Imperial ministers Ping, Pang and Pong (Christopher Hillier, Virgilio Marino and John Longmuir) melded quirky moves in large scrolls with earnest warnings to the latest besotted suitor, Calàf, and musings on nothing more than a life in nature far-removed from Beijing’s quandary and its sacred books. Fortunately, they’re an entertaining trio who bounced their gravelly vocals off each other and joined splendidly in rhythmic unison. 

Christopher Hillier, Virgilio Marino and John Longmuir
as Ping, Pang and Pong
Spanish tenor Andeka Gorrotxategi strikes the gong to signify his determination to solve the riddles as a suitably valiant Calàf . Gorrotxategi exhibited burning passion with charismatic tone on opening night but I got the feeling there was more in the tank to give. With no time to waste in Act 3’s popular but brief header, “Nessun dorma!”, Gorrotxategi’s rendition was cleanly and forwardly sung, though seemingly without taking absolute ownership of time and place. 

Soprano Mariana Hong’s expressive vocal weight and sympathetically drawn character gave pitiful truthfulness to the slave girl Liù all the way through to the gripping tragic ending that befalls her. As her blind master and Calàf ’s father Timur, Richard Anderson convincingly carried the burden of old age and fading hope with a bass of grainy, sinuous appeal. Giving authoritative voice to a small role, Andrew Moran glided about in his element as a roll-about Mandarin but Graeme Macfarlane lacked projection from his lofty position at the rear of the stage as the Emperor Altoum.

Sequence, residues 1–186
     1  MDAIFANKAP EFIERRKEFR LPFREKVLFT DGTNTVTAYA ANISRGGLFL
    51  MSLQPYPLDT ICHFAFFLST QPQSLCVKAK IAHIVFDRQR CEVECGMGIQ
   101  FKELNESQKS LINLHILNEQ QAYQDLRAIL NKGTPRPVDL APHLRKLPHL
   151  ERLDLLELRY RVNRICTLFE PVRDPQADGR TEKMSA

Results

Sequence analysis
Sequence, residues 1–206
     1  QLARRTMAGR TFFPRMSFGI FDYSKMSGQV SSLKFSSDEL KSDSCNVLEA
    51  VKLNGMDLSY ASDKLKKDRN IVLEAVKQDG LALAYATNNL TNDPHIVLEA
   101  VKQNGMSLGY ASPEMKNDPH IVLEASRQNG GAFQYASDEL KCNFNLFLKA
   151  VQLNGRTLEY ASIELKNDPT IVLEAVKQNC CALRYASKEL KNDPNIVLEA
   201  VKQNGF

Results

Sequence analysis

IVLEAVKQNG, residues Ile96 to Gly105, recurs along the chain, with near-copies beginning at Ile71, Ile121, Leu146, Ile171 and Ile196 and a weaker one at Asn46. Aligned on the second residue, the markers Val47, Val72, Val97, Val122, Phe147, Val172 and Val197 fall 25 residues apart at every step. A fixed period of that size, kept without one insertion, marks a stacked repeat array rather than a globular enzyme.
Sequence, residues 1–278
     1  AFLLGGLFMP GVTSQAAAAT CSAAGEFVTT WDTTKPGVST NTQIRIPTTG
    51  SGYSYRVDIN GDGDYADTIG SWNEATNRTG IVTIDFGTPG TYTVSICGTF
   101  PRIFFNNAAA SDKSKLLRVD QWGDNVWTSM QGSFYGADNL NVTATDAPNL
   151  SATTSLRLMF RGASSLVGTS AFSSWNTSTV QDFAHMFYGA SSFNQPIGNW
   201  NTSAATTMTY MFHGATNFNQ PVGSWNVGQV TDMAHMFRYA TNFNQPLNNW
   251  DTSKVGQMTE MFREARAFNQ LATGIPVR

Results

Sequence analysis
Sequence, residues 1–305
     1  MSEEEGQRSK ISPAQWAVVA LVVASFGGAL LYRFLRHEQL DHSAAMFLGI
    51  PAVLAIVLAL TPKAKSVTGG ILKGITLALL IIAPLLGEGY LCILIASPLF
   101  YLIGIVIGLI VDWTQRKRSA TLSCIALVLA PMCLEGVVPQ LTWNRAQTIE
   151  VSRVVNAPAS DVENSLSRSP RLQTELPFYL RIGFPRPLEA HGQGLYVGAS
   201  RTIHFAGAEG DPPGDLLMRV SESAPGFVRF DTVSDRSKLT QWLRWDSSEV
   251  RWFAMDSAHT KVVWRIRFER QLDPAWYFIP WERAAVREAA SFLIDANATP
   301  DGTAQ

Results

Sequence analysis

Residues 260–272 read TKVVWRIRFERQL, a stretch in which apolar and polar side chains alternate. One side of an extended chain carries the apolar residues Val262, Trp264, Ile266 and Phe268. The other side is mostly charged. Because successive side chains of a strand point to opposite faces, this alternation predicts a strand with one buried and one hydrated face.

When Princess Turandot finally shows up to sing midway through Act 2, American soprano Amber Wagner powered the title role on opening night with all manner of sensational vocal beauty. Like a spurned sorceress, Wagner unleashed the pent up resentment Turandot has for any man who tries to win her affection. Top to bottom, Wagner preyed on the music, singing out with ferocious might, penetrating daggers and condescending tone. “No man will ever own me”, Wagner meaningfully proclaims and, though the sentiment is short-lived, with those intensely emoted notes she gave fleeting hope to all women. 

Amber Wagner as Turandot and Andeka Gorrotxategi as Calàf 
When Wagner sings, you take notice, just as you would’ve in Opera Australia’s Ring Cycle of 2016 when she appeared as Sieglinde. That voluptuous sound Wagner can muster needs a companion but the duets she shares with Gorrotxategi often left the tenor in the shade. And, for the tricky ending that Puccini never lived to compose conclusively? Wagner’s nuanced treatment of the abrupt change of heart that Turandot has when she melts into love with Calàf took the finale winningly over the line as the two walk into the distance. 

All the characteristic momentum, the crests and troughs and delicately threaded passages came together emphatically under conductor Christian Badea. Act 1 could benefit from reining in the opening cracking pace, as would cutting out the interval between the first and second act. The Opera Australia Orchestra played superbly with special mention to the brass players who brought shuddering grandeur to the recurring  ceremonial brass exhalations. 

It may not be long away but regardless when the national company decide to retire this 1990 production, the strength of Murphy’s concept will resonate for decades to come for those fortunate enough to see and feel its energy. 

Opera Australia
Joan Sutherland Theatre, Sydney Opera House
Until 30th March, 2018

Production Photos: Keith Saunders

Thursday, January 10, 2019

Sydney Chamber Opera's La Passion de Simone sheds its light as a dedication to a martyr at Sydney Festival

Jane Sheldon as narrator/commentator
Simone Weil, subject of Sydney Chamber Opera’s Australian premiere of Finnish composer Kaija Saariaho’s La Passion de Simone as part of Sydney Festival, was a smart young cookie. One of the 20th-century’s most practice-oriented French intellectuals, she pipped another more recognisable Simone, Simone de Beauvoir, at the post in graduating top of her class at the prestigious École Normale Supérieure in Paris.